The building is on the main avenue in the district, the Boulevard du Jardin Exotique, but the apartment faces a quiet street at the rear, said Bernard Koning, the principal owner of ABK Real Estate, which has the listing. The unit comes with an on-street parking space and a 22-square-foot lower-level storage space.
The Jardin Exotique district, which is on the border with France, has small shops for necessities, but the apartment is a 15- to 20-minute walk from the Carré d’Or, Monaco’s center in Monte Carlo, where casinos, luxury shops, hotels, restaurants and the priciest real estate are found, Mr. Koning said. The Jardin Exotique district is the site of Monaco’s new train station, and buses run frequently along the boulevard, taking about eight minutes to arrive in the Carré d’Or. The closest airport is Nice International in France, which is about a 25-minute drive with no traffic, Mr. Koning said.
Until the real estate bubble burst in 2008 there was a steep increase in real estate values in Monaco; some homes doubled in price, Mr. Koning said. The global financial crisis cut the number of transactions by more than half, and prices fell 15 to 35 percent.
Values appear to have stabilized, but homes are taking time to sell. “Business is slow at the moment,” said Julie Alejo, the owner of EIP Agency. “Potential clients are showing interest only in high- or low-end products.”
Yet the market did get a lift as of last June, when a new law reduced closing costs by about 40 percent, said Émilie Mazza, a co-owner of Mazza Immobilier. In the long run, said Tim Swannie, a director of Home Hunts Luxury Property Specialists, the lack of a personal income tax in Monaco will help maintain a climate favorable to real estate. “Monaco’s tax-haven status ensures the market remains buoyant and prices stable,” he said, “so investment in Monaco real estate continues to be attractive.”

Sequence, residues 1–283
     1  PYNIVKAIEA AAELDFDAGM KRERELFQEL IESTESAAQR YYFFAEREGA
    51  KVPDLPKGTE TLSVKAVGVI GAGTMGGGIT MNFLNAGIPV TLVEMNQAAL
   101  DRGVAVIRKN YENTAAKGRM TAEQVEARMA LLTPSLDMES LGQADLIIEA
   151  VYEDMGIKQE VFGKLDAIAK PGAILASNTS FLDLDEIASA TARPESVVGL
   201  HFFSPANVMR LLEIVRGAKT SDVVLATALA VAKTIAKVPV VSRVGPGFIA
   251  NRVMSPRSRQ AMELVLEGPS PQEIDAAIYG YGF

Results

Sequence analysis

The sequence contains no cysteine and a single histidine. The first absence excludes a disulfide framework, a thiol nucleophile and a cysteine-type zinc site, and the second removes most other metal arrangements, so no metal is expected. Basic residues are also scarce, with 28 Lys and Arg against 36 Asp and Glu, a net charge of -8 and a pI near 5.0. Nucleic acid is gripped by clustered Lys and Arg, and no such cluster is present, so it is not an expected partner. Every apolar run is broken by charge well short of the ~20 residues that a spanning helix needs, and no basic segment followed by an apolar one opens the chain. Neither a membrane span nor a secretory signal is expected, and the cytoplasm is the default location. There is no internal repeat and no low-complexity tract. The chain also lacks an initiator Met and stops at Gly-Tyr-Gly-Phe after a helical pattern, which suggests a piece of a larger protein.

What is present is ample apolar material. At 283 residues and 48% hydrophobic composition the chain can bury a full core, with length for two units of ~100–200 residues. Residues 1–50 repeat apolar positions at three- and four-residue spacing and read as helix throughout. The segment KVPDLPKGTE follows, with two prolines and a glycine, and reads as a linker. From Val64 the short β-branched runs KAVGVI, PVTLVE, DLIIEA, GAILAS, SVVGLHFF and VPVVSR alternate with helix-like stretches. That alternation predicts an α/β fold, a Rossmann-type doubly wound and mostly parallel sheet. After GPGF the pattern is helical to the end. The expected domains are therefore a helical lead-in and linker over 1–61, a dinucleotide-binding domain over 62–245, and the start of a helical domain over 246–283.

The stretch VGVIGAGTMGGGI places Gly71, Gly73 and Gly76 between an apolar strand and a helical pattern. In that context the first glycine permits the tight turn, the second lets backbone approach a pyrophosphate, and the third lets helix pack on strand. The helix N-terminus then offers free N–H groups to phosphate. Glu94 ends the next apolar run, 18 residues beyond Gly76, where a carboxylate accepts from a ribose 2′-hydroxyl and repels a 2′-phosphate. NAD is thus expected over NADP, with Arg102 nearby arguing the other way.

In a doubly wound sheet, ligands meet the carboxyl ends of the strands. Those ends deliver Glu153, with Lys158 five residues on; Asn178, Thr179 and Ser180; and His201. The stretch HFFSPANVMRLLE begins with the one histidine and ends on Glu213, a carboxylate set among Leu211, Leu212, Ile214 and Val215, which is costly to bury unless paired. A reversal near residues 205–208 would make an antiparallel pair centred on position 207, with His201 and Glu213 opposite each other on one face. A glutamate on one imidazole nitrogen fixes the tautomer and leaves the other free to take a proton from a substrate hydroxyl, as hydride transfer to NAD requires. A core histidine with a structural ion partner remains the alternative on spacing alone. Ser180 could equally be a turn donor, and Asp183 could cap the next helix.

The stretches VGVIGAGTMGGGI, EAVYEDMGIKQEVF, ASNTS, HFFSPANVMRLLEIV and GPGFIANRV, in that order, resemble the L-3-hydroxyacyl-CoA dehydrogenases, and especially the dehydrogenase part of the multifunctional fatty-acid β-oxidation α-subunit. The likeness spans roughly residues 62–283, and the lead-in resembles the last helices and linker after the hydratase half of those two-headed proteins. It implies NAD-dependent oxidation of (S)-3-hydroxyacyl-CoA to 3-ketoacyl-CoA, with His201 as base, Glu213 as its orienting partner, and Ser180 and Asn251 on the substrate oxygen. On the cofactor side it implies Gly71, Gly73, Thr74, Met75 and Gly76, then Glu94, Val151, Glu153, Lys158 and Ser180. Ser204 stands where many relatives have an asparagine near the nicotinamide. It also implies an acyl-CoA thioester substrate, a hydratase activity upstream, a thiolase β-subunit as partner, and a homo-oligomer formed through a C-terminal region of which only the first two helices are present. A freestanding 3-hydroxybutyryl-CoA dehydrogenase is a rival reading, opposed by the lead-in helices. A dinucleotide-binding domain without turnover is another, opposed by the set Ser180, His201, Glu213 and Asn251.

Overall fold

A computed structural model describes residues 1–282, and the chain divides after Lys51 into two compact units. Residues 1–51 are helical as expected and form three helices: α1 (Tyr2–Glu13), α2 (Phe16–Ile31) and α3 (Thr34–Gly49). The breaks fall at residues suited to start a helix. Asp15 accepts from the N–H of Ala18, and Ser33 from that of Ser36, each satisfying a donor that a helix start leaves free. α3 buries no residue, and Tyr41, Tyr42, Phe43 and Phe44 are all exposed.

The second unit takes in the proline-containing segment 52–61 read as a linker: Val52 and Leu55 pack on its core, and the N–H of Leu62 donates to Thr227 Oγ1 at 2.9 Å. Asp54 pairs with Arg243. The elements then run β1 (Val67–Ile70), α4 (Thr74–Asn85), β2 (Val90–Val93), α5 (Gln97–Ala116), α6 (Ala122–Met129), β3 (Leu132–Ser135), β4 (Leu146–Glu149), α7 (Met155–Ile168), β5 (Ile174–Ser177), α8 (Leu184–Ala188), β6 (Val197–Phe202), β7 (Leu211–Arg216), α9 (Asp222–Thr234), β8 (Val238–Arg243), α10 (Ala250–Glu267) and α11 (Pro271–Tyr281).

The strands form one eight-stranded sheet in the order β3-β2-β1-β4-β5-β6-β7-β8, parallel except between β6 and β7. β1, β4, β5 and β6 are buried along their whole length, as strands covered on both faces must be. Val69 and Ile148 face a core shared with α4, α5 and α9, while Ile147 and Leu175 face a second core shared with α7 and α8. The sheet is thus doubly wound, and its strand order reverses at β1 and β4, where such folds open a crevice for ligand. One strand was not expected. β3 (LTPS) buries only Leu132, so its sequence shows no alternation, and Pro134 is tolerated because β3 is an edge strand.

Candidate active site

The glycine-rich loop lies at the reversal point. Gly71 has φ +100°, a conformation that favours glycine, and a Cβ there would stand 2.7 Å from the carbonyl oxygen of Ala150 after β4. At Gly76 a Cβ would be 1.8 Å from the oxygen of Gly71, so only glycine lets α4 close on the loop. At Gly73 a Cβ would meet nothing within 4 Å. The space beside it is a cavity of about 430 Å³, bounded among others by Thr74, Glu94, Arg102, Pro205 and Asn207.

This apartment, priced at about 23,500 euros per square meter, would cost at least 60 percent more if it were in the Carré d’Or, Mr. Koning said. The apartment has been listed for three months and is priced lower than the average apartment in the Jardin Exotique, which is about 25,000 euros per square meter. “It’s an older building, which some people like due to the character, but other people don’t care for,” Mr. Koning said.
Only 20 percent of Monaco’s 35,000 residents are Monégasque, so the market sees many foreign buyers, most typically seeking modern apartments close to the Carré d’Or, the beach area of Larvotto, and in Fontvieille, a district reclaimed from the Mediterranean in 1981. Many older residents are French, as the French government did not collect income tax from its citizens residing in Monaco before 1963, Mr. Koning said. A stricter policy since then has discouraged French buyers, and today there are more from elsewhere in Europe, particularly Britain and the northern countries, he said.
Mr. Swannie says Monaco also has buyers from Italy, the United States, Canada, Australia, South Africa and the Middle East. Russians have been major buyers over the past five years, Ms. Alejo said.
There are no restrictions on foreign buyers, though background checks are required, Mr. Koning said. Most buyers hire agents, who typically charge about 3 percent of the purchase price, agents said. The listing agent gets 5 percent, which is paid by the seller. The transaction itself is handled by a notary, who typically charges about 1 percent.
The June 2011 law reduced to 4.5 percent the registration tax charged on a typical property sale, according to Rosemont International, a financial consulting company with a branch in Monaco.
Most buyers pay in cash, but it is possible to cover as much as 70 percent of the purchase price with a mortgage, Mr. Swannie said.